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The PEDS Model of Child Neuropsychological Rehabilitation

di Jonathan Reed, Katie Byard and Howard Fine

pag. 2 di 6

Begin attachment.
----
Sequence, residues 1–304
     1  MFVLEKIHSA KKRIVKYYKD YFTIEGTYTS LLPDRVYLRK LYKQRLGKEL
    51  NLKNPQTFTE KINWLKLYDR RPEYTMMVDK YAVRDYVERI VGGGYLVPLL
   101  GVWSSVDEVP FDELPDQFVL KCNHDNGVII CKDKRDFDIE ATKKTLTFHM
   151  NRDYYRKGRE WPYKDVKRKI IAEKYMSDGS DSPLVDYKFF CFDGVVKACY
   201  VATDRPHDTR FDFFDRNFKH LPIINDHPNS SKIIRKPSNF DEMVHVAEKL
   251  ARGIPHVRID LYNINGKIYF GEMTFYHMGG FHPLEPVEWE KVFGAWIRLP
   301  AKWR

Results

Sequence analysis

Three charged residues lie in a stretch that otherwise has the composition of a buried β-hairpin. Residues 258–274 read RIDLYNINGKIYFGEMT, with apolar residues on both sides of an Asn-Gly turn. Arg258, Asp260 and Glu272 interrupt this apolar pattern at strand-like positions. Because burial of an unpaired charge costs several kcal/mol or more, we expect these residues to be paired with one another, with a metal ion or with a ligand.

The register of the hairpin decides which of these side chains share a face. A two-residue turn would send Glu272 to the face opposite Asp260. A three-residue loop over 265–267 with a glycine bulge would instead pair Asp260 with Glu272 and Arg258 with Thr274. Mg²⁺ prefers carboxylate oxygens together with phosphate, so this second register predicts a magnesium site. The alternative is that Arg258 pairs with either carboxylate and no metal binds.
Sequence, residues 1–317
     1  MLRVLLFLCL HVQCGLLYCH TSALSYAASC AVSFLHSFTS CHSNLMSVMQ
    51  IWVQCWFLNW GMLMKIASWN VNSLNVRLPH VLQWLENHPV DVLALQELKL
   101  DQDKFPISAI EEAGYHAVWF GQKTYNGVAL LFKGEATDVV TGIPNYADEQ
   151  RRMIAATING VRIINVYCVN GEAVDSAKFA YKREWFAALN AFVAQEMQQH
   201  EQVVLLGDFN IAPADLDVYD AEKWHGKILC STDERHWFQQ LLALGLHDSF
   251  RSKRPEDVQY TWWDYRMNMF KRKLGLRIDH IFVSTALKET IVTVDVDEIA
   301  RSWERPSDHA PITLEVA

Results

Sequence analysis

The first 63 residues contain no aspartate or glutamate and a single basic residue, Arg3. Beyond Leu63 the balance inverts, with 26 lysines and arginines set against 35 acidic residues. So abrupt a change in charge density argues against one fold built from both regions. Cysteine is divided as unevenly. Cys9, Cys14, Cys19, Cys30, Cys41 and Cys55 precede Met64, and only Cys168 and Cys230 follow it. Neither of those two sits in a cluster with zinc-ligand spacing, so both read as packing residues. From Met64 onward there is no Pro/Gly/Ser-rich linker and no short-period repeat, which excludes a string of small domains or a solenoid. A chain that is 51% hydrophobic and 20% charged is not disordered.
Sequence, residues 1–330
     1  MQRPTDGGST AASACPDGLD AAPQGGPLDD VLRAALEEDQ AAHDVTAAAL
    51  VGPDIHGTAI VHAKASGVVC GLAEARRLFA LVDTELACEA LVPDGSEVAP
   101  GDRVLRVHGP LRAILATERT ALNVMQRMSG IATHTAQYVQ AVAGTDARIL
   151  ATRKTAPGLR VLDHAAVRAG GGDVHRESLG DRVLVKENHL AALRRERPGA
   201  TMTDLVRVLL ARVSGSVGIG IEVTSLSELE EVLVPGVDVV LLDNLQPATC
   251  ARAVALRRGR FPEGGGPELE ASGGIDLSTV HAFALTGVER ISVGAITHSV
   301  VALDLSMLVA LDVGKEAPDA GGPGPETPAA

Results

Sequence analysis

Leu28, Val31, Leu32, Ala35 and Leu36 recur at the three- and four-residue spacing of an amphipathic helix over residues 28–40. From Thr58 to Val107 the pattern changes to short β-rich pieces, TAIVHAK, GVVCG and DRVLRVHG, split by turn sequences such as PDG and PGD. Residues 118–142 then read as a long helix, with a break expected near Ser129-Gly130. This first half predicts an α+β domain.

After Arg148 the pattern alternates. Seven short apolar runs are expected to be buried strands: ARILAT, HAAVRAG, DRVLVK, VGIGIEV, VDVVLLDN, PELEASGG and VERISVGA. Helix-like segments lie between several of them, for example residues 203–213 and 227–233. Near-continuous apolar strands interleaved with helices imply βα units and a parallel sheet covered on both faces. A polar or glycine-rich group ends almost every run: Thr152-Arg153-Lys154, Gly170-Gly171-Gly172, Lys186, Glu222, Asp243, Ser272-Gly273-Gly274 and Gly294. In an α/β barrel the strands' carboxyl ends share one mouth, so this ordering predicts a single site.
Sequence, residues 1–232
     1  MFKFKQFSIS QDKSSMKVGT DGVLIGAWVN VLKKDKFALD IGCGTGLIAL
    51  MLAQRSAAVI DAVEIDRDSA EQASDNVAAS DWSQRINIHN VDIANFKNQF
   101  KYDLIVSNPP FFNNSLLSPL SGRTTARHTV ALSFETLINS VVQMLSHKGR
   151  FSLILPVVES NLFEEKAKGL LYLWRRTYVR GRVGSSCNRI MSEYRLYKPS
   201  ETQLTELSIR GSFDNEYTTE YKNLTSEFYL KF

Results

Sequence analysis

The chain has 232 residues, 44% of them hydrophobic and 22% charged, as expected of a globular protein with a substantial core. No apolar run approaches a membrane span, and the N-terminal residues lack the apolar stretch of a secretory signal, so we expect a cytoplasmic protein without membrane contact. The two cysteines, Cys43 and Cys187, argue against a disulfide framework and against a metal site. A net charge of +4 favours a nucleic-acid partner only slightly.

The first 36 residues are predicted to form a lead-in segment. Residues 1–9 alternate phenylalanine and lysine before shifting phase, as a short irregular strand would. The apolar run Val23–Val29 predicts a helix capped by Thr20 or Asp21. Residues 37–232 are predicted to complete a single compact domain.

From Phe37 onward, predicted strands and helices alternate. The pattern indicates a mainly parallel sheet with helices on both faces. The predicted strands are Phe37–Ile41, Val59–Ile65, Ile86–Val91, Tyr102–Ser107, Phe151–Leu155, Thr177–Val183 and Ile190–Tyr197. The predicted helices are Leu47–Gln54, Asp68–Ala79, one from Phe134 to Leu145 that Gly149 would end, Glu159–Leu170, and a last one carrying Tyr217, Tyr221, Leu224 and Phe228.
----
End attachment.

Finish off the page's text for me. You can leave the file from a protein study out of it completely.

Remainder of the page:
The developmental and systems perspective is regarded as essential in producing change in childhood brain injury (Anderson & Catroppa 2006, Ylvisaker et al. 2005). Developmental perspective: there is an interaction between development and brain injury such that the timing and nature of the injury, the stage of skills development and the social context of the child interact to determine the outcome for the child (Eslinger et al. 1999, Ylvisaker et al 2005). The interaction between brain injury and development is exemplified by the finding that the profile of behavioural and psychiatric and emotional disturbance (a common and persistent sequelae of child brain injury) may worsen over time (Schwartz et al. 2003, Ylvisaker et al. 2005). These difficulties are usually associated with damage to the frontal lobes, an area of the brain typically affected in closed head injury. There is a growing emphasis on the interaction between childhood development and frontal lobe damage when designing and implementing behavioural intervention programmes for children with behavioural disturbance following a TBI. Traditional behavioural management methods require the capacity to learn efficiently from consequences. The ability to learn in this way is reduced significantly by frontal lobe injury (Rolls 2000, Schlund 2002). In recent years positive behaviour supports have been highlighted as more appropriate strategies for managing the behaviour of children with brain injury. They focus more on managing the environment (to prevent triggers to behaviour), rather than trying to shape and change behaviour.There is mounting evidence of the efficacy of this type of behaviour management (Feeney & Ylvisaker 1995, Ylvisaker 2003) including in the school environment (Pressley, 1995, Sweet & Snow, 2002, Ylvisaker et al. 2001). In addition, it is recognised that children with damage to the frontal lobes as a result of a brain injury have particular difficulty in planning and organising. Positive behaviour supports can also be used by the young person to compensate for these difficulties, for example by encouraging the young person to use graphic organisers and telephones and other specific organisational strategies, and through the provision and implementation of predictable and paced daily routines.